“It’s not about love. It’s about social proof,” adds Barrett. “If you want to see your significant other mainly when you’re with friends and family, you’re likely ‘showing off’ that you have someone in order to get approval from others."

You don't want to break up because you don’t want to be single.

If you want to be sure of your motivations for being in the relationship, Barrett says to ask yourself: “If we broke up today, what would I miss more, my partner, or having a partner?” He says if the idea of being alone is more painful than the idea of being without your partner specifically, it's a sign you love the relationship more than the person you’re with.

Winter says this is actually really common. “Being on one's own is frightening to most individuals. They feel cut off from society and the uniformity of the 'couples world.' No one wants to be the outcast,” she says.

You’d rather put up with bad behavior than be single.

Excusing a partner's bad behavior, says Barrett, is another sign that you care more about being in a couple than who you're actually with. “They’re selfish, needy, critical of you, or cruel. If you accept that treatment, it could be because you value being in a relationship more than you value that person. The devil you know is better than the devil of being single,” he explains.

When the experts put it like that, it becomes clear this situation is not sustainable, if only because it’s making you and your partner unhappy in the long run. Their advice is that you’ll need to face it, and the sooner, the better. “To fix this, first realize that staying in a relationship that lacks true love is costing you. Sure, it feels good to have someone, but you’re missing out on deep passion, intimacy and caring that only comes from a fulfilling, loving relationship. When you see what you’re missing and what this is costing you, you’ll be more compelled to take action,” says Barrett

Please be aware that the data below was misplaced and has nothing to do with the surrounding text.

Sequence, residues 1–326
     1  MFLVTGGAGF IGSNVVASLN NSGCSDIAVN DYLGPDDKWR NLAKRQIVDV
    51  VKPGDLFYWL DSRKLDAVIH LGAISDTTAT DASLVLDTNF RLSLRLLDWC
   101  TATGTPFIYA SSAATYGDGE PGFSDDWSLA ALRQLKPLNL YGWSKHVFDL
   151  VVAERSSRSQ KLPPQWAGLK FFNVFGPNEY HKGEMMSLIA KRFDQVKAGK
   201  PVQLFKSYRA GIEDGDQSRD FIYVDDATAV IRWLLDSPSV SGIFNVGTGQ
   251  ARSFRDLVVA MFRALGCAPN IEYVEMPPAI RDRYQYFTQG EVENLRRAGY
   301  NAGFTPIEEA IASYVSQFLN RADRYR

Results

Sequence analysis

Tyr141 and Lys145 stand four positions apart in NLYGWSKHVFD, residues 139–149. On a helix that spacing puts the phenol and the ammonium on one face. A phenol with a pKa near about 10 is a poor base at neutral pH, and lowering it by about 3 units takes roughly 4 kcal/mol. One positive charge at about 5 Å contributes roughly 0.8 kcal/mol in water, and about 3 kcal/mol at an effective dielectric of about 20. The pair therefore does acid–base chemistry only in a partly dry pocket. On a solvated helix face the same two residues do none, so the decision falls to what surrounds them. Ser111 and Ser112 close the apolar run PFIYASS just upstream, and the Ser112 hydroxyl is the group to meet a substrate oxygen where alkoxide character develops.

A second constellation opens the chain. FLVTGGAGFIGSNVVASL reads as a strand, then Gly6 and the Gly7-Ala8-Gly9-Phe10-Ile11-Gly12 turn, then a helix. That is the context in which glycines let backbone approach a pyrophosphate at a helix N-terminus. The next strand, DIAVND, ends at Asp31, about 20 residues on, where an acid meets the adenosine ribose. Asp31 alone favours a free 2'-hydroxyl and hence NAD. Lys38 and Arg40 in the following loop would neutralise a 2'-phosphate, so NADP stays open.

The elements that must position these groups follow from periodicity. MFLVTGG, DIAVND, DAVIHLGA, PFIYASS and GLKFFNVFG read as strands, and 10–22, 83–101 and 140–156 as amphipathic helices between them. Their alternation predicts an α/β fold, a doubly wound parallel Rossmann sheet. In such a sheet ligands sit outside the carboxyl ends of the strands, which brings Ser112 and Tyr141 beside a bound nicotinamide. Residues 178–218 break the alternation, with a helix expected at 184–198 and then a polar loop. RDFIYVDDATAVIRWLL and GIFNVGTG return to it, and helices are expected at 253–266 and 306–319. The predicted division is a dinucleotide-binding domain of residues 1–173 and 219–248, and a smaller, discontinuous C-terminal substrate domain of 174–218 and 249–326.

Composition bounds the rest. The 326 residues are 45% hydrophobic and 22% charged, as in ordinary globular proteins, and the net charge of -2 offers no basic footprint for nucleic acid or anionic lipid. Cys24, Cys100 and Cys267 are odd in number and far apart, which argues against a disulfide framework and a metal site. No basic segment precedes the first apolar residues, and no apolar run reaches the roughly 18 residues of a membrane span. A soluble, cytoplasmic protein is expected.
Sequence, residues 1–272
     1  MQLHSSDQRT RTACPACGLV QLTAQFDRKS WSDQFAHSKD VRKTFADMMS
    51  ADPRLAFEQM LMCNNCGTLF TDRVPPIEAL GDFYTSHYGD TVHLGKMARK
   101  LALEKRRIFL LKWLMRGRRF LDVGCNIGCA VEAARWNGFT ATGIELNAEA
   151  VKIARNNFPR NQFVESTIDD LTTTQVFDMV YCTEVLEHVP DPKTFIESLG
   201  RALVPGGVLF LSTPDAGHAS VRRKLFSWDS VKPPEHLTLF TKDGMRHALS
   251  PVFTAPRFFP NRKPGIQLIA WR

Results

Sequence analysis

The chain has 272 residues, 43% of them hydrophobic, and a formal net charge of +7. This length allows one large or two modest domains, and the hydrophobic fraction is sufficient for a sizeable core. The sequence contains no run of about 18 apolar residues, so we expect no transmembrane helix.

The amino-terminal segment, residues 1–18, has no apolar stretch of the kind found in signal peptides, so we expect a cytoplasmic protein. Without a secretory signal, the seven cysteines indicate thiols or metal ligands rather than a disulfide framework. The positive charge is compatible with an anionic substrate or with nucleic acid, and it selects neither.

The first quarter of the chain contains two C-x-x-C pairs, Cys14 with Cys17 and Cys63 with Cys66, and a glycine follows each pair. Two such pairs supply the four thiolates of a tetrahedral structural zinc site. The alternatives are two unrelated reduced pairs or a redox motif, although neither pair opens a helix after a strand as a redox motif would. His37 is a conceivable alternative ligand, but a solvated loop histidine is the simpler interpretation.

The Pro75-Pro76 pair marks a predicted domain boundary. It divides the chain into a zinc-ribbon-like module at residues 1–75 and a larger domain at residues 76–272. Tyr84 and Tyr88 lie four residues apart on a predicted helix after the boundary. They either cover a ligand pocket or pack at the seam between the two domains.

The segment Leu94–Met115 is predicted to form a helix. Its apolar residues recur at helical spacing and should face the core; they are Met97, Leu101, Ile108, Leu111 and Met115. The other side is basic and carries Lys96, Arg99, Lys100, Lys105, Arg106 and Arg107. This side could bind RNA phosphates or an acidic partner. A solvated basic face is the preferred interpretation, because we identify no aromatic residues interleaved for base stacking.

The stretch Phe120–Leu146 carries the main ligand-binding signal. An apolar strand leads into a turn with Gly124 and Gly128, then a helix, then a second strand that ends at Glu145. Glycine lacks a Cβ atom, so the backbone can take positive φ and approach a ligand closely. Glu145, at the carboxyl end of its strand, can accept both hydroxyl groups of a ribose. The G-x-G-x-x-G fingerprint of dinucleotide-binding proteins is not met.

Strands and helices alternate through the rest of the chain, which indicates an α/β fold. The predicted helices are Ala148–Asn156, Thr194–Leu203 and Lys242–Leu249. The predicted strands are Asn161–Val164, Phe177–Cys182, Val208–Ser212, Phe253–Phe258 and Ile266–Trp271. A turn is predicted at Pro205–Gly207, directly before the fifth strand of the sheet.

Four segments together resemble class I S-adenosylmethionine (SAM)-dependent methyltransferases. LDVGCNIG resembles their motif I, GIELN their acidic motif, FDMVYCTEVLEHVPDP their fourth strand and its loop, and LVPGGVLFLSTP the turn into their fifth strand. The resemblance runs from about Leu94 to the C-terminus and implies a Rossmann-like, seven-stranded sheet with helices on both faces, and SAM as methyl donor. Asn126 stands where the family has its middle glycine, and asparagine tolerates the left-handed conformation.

Barrett says the first step is to take a hard look at your relationship. “Ask yourself if you’re in love with this person, or if you could see yourself falling in love with them. If you can, great — shift your energy to your significant other, and meeting their needs. Realize that people are more valuable than relationships. Where your focus goes, energy flows. You might be able to jump-start your connection with your partner and find yourself truly falling for the person,” he adds. However, he says that if you realize they're not the one, it’s time to end the relationship. “Set them and yourself free,” he advises. While this may be painful, Winter says it can be a learning experience — one that can help you find true happiness in the future. “It's good practice to check your motives before you merge romantically with another person," she advises. "This way, should you choose to be in a relationship you're doing so for all the right reasons.”

The ultimate takeaway here is that being in a relationship that your heart isn't really in does come at a cost. Yes, it might alleviate your anxiety and fear of being alone in the short-term, but it's also short-changing both you and your current partner. Perhaps Barrett says it best: “Yes, it’s nice to have someone. But a relationship can’t love you back. Only a person can. So, go find one who can give you love, and who can receive yours.”